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What feature, found in only a handful of 18th-century homes, does the Hammond-Harwood House share with the Warner House in Portsmouth, New Hampshire? I’ll give you a minute to think about it.

The answer is…doweled floors! Using dowels rather than nails to attach floorboards was more complicated and therefore significantly more expensive. Warner House was built in 1716 for Archibald Macpheadris and the bills from its construction still exist. Joiner John Drew charged Macpheadris 30 shillings per one hundred square feet to install the doweled floor but only 12 shillings per one hundred square feet for the rest of the floors. Unfortunately we don’t have the bills from the construction of the Hammond-Harwood House, but because of the ways the floors have worn down in the small parlor of the first floor we are able to show visitors just how they were put together. It’s a small detail, but a unique one that ties the Hammond-Harwood to some of the grandest Colonial houses in America.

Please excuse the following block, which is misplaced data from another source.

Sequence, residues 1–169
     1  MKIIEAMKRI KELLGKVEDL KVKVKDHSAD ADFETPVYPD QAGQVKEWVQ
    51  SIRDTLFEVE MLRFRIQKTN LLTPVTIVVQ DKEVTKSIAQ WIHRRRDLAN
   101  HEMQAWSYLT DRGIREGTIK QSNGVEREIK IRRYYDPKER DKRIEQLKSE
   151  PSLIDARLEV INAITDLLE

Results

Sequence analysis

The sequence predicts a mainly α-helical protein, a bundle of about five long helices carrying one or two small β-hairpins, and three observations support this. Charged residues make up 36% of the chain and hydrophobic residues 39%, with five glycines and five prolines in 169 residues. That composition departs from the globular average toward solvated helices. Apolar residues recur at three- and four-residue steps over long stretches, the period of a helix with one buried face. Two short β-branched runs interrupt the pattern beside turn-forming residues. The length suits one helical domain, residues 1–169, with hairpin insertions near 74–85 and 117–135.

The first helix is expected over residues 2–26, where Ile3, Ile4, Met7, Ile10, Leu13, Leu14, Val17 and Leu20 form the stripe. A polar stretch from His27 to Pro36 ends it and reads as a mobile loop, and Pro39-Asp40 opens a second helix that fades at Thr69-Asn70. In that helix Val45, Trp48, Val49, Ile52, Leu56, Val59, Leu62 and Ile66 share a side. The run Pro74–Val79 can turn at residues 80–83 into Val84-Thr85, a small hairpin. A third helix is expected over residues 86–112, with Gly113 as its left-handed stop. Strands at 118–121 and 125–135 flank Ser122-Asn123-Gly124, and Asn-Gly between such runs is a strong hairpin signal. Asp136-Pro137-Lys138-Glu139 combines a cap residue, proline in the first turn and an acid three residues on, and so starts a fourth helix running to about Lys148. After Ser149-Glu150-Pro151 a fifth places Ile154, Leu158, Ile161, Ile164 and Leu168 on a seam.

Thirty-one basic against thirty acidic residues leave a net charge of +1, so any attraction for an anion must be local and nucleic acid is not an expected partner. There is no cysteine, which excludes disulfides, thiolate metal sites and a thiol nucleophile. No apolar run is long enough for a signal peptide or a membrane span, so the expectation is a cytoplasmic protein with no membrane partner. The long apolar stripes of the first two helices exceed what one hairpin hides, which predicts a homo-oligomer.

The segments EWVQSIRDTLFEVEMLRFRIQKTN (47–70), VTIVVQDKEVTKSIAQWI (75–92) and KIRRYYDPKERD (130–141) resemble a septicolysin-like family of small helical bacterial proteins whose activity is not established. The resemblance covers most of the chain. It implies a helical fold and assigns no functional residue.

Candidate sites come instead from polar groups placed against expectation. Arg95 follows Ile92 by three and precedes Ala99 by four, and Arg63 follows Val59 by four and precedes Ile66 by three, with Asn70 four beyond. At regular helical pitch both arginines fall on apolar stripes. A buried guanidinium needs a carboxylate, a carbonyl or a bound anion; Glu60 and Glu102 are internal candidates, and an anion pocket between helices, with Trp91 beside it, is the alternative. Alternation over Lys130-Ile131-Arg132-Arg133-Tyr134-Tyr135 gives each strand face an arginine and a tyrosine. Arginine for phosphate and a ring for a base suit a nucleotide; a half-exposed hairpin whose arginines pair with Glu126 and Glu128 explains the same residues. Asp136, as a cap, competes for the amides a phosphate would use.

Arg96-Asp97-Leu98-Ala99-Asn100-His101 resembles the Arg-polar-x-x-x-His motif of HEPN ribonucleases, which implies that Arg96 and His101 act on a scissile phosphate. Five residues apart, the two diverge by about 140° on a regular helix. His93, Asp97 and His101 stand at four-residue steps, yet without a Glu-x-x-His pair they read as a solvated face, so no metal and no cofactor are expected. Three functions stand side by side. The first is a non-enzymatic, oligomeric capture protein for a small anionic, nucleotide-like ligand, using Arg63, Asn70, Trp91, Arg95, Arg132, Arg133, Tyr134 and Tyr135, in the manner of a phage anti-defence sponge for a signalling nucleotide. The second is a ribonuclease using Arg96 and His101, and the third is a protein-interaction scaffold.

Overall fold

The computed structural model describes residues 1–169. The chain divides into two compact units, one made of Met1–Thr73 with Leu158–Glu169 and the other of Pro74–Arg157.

Posted on Jun 19, 2012 in , by Hammond-Harwood House

 

 

Hammond-Harwood House

The mission of the Hammond-Harwood House Association is to preserve, for public education and enjoyment, the architecturally significant Hammond-Harwood House museum and its collection of fine and decorative arts.
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